Sunday, May 9, 2010
Claudia Veronica Morvan, nee Rainville
March 31, 1908 - July 11, 1995
She ran the ship, ruled the roost, called the shots, kept us on the straight and narrow, voted the straight Democratic ticket all her life, wept when FDR died, trembled with us when sirens wailed and a black-out was instigated because rumors of German submarine sightings off the New England coast brought fear and loathing.
She was the oldest of nine children and is survived by her sister Bernadette (88) and brother Joe (99). She loved movies, movie stars, the color red and big band music. She loved to write, and she maintained a prolific correspondence with dozens of service men and women during WWII. She was very proud her oldest daughter seemed to possess musical talent, and especially loved the sound of her young voice singing solo hymns during Sunday Mass.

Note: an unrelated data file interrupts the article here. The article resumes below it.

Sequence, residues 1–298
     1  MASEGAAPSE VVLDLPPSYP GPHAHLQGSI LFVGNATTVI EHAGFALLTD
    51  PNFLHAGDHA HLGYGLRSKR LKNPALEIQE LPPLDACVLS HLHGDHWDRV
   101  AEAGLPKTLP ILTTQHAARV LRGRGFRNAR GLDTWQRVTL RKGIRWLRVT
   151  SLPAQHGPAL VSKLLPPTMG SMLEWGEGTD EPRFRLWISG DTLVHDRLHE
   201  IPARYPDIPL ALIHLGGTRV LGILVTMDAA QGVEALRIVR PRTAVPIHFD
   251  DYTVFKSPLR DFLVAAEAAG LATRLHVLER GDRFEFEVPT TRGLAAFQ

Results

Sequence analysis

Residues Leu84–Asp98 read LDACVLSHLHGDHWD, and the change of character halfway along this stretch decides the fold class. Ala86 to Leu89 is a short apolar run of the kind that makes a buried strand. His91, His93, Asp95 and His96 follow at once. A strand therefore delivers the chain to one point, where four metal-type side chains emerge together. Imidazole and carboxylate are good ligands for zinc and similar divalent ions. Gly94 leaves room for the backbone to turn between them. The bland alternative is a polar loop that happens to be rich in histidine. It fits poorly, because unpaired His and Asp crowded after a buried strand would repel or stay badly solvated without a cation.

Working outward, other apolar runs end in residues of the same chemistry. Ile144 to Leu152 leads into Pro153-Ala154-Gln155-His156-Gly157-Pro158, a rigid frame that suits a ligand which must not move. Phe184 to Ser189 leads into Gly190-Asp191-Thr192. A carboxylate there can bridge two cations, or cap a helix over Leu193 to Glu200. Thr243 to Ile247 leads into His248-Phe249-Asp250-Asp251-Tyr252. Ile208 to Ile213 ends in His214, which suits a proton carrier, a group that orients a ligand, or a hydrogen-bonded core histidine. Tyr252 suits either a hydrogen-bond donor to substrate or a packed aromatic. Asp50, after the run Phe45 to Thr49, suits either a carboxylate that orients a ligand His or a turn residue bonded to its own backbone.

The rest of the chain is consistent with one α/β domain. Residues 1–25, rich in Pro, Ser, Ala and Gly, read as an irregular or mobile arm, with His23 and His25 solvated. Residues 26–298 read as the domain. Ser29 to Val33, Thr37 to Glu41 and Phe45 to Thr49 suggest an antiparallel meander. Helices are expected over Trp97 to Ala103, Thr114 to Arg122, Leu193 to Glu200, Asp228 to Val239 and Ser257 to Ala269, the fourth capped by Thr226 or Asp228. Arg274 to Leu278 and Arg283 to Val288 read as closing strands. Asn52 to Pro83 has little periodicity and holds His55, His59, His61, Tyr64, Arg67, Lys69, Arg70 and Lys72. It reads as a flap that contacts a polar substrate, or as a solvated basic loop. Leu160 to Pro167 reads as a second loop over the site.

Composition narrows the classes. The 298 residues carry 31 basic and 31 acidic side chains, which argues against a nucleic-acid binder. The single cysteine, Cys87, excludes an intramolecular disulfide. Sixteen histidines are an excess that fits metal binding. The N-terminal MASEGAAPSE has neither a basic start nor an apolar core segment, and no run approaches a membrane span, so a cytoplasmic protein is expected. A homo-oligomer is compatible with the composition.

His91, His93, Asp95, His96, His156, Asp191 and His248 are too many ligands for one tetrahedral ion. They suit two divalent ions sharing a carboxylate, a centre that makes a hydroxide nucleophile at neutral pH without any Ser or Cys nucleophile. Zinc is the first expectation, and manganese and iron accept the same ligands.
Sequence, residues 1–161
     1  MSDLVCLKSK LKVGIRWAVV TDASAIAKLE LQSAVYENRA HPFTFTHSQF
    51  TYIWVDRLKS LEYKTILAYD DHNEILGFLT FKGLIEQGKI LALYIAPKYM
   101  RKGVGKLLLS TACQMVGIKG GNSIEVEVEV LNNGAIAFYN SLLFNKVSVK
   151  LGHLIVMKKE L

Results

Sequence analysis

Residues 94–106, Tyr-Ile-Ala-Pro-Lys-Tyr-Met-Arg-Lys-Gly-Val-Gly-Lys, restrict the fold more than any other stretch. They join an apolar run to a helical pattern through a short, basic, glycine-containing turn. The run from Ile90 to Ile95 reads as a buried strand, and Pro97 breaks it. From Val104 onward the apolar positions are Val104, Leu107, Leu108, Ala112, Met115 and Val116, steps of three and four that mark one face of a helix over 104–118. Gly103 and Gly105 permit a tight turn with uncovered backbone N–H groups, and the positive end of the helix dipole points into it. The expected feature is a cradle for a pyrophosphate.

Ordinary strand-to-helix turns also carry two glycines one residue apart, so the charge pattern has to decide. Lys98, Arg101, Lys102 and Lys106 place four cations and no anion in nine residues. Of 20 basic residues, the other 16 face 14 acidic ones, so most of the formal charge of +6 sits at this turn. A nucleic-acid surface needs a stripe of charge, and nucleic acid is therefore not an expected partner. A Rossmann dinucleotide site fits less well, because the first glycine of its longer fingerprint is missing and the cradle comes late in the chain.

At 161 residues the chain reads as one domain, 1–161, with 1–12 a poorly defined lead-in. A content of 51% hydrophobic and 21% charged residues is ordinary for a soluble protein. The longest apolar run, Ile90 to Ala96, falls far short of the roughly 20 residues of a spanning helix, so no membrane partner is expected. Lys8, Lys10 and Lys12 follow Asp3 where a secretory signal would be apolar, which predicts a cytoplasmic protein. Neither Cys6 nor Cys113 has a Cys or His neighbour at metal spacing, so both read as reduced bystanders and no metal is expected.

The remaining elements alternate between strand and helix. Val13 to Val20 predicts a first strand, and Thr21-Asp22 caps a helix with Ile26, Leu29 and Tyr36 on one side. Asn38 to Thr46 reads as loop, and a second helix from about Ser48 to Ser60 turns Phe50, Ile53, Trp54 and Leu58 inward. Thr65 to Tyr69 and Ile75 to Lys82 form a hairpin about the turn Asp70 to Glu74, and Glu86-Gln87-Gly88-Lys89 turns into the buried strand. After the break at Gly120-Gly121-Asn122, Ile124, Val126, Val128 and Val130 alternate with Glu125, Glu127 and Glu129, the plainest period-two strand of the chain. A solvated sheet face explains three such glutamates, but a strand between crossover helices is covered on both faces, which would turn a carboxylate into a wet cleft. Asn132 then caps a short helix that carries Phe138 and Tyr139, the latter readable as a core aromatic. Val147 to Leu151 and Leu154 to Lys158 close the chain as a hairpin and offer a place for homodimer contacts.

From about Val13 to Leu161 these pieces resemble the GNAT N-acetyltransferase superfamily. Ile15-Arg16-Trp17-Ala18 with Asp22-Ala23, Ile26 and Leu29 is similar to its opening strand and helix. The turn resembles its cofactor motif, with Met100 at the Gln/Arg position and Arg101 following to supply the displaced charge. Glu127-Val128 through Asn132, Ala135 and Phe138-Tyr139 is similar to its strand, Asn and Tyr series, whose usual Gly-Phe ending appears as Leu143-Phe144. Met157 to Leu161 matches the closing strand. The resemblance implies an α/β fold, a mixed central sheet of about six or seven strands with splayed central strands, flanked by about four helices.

She didn't live to see the Red Sox win the World Series but I feel certain she knew of the miracle which thrilled all long-suffering fans of the beloved team.
My father loved her and affectionately joked that "She can talk the handle off a pump." (We used well water). She didn't like to cook and passed this aversion on to my sister. She wasn't afraid to speak her mind or write her Congressman. And she loved to laugh, thank God, because I came along during the Great Depression, a time when there wasn't much to smile about.
She was very fond of the image above, a photo taken by a local newspaper to accompany her vivid account of the catastrophic 1938 hurricane which ravaged Long Island and southern New England. She said she thought it made her look "intellectual". She was one of the World's Great Moms.